The moon is waning. The morning stars are Jupiter, Mars, Mercury and Saturn. The evening stars are Neptune, Uranus and Venus.
Those born on this date are under the sign of Sagittarius. They include German composer Johannes Bach in 1604; English clergyman and college benefactor John Harvard in 1607; English poet William Cowper in 1731; surgeon and women’s rights leader Mary Walker Edwards in 1832; gambler, frontier lawman and sports writer William “Bat” Masterson in 1853; air conditioning engineer Willis Carrier in 1876; baseball Hall of Fame member Lefty Gomez in 1908; French playwright Eugene Ionesco in 1909; TV journalist Eric Sevareid in 1912; science fiction writer Frederik Pohl in 1919; cartoonist Charles Schulz (“Peanuts”) in 1922; Argentine pacifist and Nobel Peace Prize laureate Adolfo Perez Esquivel in 1931 (age 82); singer Robert Goulet in 1933; impressionist Rich Little in 1938 (age 75); and singer Tina Turner in 1939 (age 74); pop singer Jean Terrell in 1944 (age 69); Rock and Roll Hall of Fame member John McVie in 1945 (age 68); and football Hall of Fame member Art Shell in 1946 (age 67).
On this date in history:
In 1789, U.S. President George Washington declared Nov. 26, 1789, to be Thanksgiving Day. It was the first U.S. holiday by presidential proclamation.
In 1832, the first streetcar railway in America started public service in New York City from City Hall to 14th Street. The car was pulled by a horse and the fare was 12 1/2 cents.
In 1842, the University of Notre Dame was founded in South Bend, Ind.
In 1940, German Nazis forced 500,000 Jews in Warsaw to live in a ghetto surrounded by an 8-foot concrete wall.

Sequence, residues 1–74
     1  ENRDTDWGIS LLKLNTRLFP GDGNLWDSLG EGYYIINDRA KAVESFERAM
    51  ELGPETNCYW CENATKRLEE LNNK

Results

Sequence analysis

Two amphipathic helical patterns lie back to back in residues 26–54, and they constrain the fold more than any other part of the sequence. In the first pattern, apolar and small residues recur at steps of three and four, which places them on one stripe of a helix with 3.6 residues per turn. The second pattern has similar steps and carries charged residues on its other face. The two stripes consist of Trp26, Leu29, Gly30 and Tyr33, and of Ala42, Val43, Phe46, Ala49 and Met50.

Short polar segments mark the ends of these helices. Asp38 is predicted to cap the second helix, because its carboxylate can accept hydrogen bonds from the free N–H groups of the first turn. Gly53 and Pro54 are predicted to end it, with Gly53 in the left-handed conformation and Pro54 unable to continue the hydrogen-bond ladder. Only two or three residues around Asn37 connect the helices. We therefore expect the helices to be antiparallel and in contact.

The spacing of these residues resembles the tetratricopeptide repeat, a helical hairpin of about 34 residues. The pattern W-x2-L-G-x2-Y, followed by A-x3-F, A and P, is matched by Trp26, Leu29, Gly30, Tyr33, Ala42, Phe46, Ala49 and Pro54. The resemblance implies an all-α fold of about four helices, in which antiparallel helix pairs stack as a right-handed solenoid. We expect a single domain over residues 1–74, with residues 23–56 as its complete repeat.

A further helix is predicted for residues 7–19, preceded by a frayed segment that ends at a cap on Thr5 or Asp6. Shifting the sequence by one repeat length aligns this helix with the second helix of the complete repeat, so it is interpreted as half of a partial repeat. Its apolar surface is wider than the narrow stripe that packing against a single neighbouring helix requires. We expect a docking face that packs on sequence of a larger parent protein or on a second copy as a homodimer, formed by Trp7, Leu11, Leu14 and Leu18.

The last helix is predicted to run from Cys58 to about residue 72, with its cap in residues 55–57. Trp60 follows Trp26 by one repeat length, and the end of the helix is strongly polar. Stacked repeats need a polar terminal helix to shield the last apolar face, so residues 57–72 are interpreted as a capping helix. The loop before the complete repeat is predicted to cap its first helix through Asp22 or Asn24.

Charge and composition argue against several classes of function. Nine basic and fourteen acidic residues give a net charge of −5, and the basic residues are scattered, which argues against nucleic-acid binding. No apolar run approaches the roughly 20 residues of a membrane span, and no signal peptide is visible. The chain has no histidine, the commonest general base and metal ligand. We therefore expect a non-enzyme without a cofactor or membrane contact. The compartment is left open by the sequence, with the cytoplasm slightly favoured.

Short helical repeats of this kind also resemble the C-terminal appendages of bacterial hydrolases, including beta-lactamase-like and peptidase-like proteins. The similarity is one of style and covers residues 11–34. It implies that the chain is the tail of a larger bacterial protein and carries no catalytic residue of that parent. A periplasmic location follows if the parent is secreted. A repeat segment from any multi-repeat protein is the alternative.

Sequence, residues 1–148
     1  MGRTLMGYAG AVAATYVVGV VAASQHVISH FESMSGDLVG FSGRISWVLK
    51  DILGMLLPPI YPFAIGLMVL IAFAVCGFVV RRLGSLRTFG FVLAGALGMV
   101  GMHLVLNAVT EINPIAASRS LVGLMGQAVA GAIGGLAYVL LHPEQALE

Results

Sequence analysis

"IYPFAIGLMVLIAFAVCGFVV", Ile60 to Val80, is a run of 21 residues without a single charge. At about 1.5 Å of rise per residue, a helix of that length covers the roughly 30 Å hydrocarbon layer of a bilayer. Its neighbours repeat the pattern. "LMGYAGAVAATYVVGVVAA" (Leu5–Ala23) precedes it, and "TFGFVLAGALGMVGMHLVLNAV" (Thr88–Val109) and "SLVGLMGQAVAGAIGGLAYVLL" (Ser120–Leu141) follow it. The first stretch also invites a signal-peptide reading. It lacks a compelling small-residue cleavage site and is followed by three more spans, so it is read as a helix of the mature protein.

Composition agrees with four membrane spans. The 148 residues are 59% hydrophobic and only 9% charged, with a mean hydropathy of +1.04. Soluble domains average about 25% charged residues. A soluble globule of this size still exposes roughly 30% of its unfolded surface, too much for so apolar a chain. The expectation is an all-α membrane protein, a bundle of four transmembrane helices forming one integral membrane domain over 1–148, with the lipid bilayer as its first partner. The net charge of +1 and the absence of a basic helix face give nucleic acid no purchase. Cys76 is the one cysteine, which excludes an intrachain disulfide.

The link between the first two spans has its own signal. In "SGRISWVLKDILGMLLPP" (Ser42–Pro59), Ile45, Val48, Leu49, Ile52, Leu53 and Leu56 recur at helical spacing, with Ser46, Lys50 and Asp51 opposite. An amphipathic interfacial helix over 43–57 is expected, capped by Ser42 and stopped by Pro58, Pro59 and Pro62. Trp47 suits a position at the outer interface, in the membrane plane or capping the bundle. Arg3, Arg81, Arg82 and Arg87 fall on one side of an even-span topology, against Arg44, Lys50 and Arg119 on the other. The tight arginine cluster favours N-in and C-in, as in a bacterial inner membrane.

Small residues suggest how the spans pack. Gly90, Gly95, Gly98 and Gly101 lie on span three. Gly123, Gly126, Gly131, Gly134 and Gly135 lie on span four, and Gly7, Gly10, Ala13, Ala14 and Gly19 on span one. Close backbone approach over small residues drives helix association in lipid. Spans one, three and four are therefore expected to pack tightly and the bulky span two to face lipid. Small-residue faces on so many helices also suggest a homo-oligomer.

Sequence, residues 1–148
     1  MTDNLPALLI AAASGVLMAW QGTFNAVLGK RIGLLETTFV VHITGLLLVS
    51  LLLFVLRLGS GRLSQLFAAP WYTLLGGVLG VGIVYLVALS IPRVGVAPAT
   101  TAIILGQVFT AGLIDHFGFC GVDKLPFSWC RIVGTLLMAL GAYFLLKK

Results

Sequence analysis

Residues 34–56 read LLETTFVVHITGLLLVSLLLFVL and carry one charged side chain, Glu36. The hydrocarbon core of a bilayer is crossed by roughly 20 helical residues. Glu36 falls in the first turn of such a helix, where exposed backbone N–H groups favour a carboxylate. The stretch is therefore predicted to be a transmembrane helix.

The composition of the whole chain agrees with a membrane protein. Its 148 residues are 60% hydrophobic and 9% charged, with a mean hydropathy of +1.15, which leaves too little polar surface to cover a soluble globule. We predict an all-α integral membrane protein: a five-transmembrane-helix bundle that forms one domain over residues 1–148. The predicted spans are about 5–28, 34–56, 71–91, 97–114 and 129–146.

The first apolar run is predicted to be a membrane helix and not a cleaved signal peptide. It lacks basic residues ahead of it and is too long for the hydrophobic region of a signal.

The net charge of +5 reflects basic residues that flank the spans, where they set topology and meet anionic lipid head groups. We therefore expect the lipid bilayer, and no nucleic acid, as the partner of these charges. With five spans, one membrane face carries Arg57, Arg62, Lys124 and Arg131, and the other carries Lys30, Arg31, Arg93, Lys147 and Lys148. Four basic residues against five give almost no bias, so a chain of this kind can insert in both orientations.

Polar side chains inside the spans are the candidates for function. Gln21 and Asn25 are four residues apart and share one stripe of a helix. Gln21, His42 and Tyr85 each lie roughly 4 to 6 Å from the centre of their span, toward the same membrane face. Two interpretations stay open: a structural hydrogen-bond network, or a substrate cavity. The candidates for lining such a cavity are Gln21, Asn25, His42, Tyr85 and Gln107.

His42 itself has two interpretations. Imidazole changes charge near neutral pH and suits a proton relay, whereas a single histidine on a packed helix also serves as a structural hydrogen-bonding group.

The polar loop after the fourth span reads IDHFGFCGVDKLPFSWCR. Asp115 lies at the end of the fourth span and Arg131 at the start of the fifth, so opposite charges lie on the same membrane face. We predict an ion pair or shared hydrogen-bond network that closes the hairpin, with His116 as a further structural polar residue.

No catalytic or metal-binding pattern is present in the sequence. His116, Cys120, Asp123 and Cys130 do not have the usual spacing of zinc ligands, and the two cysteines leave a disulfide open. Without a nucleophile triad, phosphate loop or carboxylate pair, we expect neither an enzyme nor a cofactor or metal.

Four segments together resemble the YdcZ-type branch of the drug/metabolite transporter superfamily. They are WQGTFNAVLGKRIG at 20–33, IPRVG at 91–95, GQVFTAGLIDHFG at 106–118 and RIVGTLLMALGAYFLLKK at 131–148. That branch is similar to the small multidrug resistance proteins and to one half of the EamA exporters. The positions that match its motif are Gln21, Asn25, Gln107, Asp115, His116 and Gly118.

In 1941, U.S. Secretary of State Cordell Hull submitted U.S. proposals to the Japanese peace envoys in Washington.
In 1956, bandleader Tommy Dorsey died at age 51. His records sold more than 110 million copies.
In 1965, France launched a satellite into space, becoming the world’s third space power after the United States and the Soviet Union.
In 1984, the United States and Iraq restored diplomatic relations, ending a 17-year break.
In 1997, the price of gold in New York City fell to $298 per ounce, the lowest level in 12 years.
In 2004, a man broke into a high school dormitory in central China and killed eight students with a knife as they were sleeping. The killer got away.
In 2005, a 67-year-old textile tycoon in India, Vijaypat Singhania, set the world record for the highest flight in a hot-air balloon, reaching 69,852 feet over Mumbai.
In 2008, militants launched a series of coordinated attacks on Mumbai landmarks and commercial hubs popular with foreign tourists, killing at least 173 people and wounding about 300 more.
In 2009, U.S. President Barack Obama announced a 10-year, nationwide effort to move U.S. students to the head of the global class in science and math achievement.
In 2011, Ali Abdullah Saleh, president of violence-wracked Yemen for 33 years, obeyed an earlier agreement and stepped down — the fourth Arab leader swept away by protests during the year.
In 2012, rebels in Syria said airstrikes and other violence in the war-torn country killed at least 117 people, including children on a playground.
A thought for the day: Helmuth von Moltke wrote, “A war, even the most victorious, is a national misfortune.”